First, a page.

Silver investors often make noise of the disconnect in pricing between “paper” and “physical” silver. Many believe that the disparity is a sign of market manipulation. Why should physical silver – coins, bullion bars, or scrap silver – trade at a premium to silver on a futures exchange?
In all reality, some small spread between paper and physical silver is tolerable, if not expected. Physical silver is costlier to store, more expensive to ship, and generally broken into smaller units to be sold to the public. Add in the cost of overhead for a dealer and you have a recipe for premiums.
Premiums are eroding
One of the best ways to measure a premium is to compare the redeemable Sprott Physical Silver Trust ETV(NYSEMKT:PSLV) to something like the iShares Silver Trust (ETF) (NYSEARCA:SLV). Sprott’s product allows any unit holder that meets a minimum investment to take delivery of physical silver at any time. Blackrock’s iShares fund opens redemption only to authorized participants.
The difference allowed Sprott Physical Silver Trust to trade at a substantial premium to other silver ETFs, and the spot price of silver. If silver in a coin shop costs 5-20% more than spot, why shouldn’t Sprott’s redeemable units?
Credit: iShares Silver Trust (ETF) (NYSEARCA:SLV)
For much of the product’s history, Sprott Physical Silver Trust ETV(NYSEMKT:PSLV)’s fund maintained a huge premium to silver. Premiums to per-unit net asset value peaked in January 2012 at 34.22%, but in recent days the fund has, at times, traded at a discount to spot silver prices.
Yes, a fund backed by physical silver, which could be claimed by shareholders at any time, traded at a discount to its net asset value.
What a falling premium tells us
There are several takeaways from a shrinking premium, almost all of which discredit the long thesis from silver bugs and metal investors. Here’s what a nonexistent premium reveals:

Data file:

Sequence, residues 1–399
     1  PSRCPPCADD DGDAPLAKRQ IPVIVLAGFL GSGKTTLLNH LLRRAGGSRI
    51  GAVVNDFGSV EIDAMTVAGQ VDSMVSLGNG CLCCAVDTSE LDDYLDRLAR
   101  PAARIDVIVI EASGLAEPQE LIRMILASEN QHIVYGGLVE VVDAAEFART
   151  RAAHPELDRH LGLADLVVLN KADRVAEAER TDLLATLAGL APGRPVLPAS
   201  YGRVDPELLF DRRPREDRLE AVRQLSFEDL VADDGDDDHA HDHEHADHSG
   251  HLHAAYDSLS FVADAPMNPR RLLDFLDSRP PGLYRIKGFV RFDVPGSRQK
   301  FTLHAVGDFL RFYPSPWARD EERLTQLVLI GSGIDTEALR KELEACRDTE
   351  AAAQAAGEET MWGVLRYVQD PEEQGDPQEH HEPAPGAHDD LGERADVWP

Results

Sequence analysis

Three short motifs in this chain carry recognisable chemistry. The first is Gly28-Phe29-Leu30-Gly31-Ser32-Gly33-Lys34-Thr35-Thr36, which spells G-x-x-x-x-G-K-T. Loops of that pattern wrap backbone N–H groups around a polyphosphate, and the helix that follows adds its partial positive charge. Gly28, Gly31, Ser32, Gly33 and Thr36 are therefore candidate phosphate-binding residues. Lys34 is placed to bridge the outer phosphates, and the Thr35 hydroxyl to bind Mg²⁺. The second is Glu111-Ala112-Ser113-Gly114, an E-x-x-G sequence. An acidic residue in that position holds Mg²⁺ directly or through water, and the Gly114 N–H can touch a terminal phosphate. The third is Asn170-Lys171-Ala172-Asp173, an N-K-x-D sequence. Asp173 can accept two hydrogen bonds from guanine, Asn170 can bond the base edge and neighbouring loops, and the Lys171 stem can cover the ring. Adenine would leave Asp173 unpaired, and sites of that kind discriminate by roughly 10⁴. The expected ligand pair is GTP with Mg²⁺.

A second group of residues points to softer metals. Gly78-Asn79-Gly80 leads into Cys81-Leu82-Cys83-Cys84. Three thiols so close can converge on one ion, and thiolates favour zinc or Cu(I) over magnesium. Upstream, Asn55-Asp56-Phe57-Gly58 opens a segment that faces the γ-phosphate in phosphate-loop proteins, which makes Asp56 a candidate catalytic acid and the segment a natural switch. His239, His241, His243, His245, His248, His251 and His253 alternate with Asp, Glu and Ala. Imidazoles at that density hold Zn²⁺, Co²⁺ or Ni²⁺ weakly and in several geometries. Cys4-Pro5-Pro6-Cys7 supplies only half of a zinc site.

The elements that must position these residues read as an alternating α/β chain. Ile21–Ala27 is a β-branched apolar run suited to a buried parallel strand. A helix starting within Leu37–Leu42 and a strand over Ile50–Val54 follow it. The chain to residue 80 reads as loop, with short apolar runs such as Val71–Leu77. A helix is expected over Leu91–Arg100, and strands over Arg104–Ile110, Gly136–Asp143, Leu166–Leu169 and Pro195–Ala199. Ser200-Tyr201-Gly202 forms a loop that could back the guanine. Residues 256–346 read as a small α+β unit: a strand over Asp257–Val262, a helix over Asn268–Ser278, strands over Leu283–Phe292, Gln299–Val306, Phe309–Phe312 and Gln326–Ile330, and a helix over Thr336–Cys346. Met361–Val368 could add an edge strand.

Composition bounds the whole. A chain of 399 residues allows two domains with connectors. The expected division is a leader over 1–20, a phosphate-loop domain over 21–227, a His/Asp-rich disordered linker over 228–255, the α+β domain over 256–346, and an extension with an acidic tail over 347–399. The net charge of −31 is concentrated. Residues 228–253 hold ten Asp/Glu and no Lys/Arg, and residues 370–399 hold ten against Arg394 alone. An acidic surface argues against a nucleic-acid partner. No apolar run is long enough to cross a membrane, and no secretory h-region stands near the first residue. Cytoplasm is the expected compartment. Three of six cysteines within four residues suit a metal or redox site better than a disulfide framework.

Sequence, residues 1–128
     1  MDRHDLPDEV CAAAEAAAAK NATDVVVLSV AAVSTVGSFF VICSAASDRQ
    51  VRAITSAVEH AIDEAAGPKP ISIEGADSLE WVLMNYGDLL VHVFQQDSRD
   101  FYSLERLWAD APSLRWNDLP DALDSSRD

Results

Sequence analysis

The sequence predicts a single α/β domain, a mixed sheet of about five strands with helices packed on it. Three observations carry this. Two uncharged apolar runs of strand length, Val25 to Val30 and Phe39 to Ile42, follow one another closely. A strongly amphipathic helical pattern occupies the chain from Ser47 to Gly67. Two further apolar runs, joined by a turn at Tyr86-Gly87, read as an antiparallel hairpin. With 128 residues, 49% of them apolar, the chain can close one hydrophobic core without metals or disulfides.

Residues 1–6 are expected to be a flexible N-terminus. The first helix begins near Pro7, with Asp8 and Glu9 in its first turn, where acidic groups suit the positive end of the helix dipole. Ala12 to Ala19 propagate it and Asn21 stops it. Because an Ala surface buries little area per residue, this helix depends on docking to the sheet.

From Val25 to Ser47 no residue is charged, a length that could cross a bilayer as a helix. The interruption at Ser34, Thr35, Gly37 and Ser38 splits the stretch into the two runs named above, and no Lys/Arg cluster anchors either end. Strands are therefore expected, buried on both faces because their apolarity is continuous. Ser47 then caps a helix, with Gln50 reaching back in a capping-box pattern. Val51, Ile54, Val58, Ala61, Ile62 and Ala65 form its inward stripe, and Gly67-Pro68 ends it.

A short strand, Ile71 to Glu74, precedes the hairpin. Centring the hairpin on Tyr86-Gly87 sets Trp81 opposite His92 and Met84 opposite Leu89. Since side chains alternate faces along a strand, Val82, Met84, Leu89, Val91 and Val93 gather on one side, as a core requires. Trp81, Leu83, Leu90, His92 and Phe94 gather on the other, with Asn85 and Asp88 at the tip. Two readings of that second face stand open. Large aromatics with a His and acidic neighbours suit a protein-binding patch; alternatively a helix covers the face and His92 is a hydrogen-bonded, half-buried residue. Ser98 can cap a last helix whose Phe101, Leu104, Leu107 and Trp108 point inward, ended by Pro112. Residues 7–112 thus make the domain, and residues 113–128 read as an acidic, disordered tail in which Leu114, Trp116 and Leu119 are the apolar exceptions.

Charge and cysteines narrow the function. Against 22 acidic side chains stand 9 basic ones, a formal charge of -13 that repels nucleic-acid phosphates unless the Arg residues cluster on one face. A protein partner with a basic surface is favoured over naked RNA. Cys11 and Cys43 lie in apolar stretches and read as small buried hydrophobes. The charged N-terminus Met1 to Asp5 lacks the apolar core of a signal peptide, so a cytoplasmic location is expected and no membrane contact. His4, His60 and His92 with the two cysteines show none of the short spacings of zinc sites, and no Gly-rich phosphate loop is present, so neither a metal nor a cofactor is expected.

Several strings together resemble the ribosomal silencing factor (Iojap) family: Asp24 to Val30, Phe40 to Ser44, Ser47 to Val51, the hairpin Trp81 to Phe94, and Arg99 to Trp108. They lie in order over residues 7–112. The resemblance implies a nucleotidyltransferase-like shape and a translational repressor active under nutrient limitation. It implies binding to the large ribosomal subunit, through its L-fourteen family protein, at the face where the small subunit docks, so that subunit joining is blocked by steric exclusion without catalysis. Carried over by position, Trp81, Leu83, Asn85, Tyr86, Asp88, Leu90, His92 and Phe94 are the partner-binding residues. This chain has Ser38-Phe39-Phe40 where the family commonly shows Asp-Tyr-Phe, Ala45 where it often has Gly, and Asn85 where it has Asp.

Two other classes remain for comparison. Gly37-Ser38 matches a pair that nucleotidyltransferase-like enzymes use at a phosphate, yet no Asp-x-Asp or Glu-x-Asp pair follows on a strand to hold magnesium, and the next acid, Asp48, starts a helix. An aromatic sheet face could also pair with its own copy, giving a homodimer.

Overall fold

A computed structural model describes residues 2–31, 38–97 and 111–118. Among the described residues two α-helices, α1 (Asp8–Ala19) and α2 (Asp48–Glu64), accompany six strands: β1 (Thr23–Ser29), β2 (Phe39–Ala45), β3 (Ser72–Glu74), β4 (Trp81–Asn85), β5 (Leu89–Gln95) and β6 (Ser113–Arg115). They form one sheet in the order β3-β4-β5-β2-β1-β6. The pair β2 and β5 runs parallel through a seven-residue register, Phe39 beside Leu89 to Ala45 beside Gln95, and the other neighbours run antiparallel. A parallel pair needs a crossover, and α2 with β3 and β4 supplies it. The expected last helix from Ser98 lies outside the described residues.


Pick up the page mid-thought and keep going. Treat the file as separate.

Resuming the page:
Physical premiums should be gone – Premiums at brick and mortar stores as well as online dealers have exploded in recent days. Some interpret this as a clear sign of a shortage in a manipulated market. Sprott’s fund proves that wholesale premiums are nonexistent. Higher prices in dealer inventory are more likely the result of a higher cost basis for the largest dealers. No silver brokers want to sell silver acquired at $28 or $30 per ounce for $21 per ounce.
Investors want out – Closed-end funds with redemption options rarely trade at a discount to NAV. In the worst case, large investors snap up discounted shares, swap units for the underlying silver, then sell the silver at current market prices to arbitrage the disparity in prices. If physical silver is really worth a premium to spot, redeemable units should not trade at any noticeable discount to NAV.
If you want to be long silver go with this stock
Taxation can hit investors hard when it comes to physical medals. iShares Silver Trust (ETF) (NYSEARCA:SLV)’s fund leaves investors with a collectables tax rate. Sprott’s fund allows for lower, long-term capital gains taxes if investors hold for longer than one year.
The best way to play silver, should you choose to do so, is to play silver with a business model on top. Silver Wheaton Corp. (USA) (NYSE:SLW) is one of the best silver plays in the space because it is an asset-light, silver and gold streaming company that is primarily a lender but also exposed to silver and gold prices. In exchange for up-front financing, Silver Wheaton Corp. (USA) (NYSE:SLW) has the right to purchase silver and gold at below-market rates from its customers.